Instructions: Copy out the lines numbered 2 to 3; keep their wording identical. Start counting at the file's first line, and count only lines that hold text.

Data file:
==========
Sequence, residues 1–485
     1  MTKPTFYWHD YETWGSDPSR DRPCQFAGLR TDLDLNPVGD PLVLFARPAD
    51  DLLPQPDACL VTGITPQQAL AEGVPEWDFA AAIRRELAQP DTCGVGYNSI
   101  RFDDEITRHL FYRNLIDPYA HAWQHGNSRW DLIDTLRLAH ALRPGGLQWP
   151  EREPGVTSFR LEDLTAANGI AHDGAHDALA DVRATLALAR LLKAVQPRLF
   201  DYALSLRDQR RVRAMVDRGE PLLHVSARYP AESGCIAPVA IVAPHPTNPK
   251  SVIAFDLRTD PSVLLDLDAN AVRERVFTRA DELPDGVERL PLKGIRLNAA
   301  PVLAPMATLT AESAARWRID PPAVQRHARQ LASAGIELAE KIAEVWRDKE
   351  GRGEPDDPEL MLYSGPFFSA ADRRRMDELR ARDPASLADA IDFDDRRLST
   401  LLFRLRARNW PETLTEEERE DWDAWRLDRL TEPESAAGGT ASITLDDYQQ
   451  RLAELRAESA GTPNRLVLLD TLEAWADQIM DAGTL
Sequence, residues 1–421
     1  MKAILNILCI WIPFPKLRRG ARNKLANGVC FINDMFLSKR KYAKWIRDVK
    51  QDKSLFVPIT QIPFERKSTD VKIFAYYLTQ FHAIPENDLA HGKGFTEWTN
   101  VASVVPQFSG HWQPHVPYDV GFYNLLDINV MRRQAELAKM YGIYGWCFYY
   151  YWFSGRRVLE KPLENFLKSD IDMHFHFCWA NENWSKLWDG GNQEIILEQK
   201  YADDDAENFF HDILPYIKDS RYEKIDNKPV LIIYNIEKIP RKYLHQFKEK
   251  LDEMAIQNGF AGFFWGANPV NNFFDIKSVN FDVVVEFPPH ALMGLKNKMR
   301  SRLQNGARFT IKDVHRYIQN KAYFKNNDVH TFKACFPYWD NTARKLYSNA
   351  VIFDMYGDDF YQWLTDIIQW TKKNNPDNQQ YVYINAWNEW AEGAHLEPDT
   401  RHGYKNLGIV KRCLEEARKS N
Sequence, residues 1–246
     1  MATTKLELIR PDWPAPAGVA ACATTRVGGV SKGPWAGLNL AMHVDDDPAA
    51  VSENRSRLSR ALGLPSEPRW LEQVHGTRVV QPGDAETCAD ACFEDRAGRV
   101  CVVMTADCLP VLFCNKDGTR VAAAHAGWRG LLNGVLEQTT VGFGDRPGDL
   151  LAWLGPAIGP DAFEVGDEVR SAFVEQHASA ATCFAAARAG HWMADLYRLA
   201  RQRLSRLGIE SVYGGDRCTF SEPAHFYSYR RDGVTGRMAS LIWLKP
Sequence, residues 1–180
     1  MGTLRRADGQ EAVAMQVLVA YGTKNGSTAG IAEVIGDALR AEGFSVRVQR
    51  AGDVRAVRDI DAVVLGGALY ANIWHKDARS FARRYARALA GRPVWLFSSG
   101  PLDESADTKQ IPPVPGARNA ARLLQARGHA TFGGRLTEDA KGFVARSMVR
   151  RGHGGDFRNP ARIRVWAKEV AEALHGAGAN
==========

     1  MTKPTFYWHD YETWGSDPSR DRPCQFAGLR TDLDLNPVGD PLVLFARPAD
    51  DLLPQPDACL VTGITPQQAL AEGVPEWDFA AAIRRELAQP DTCGVGYNSI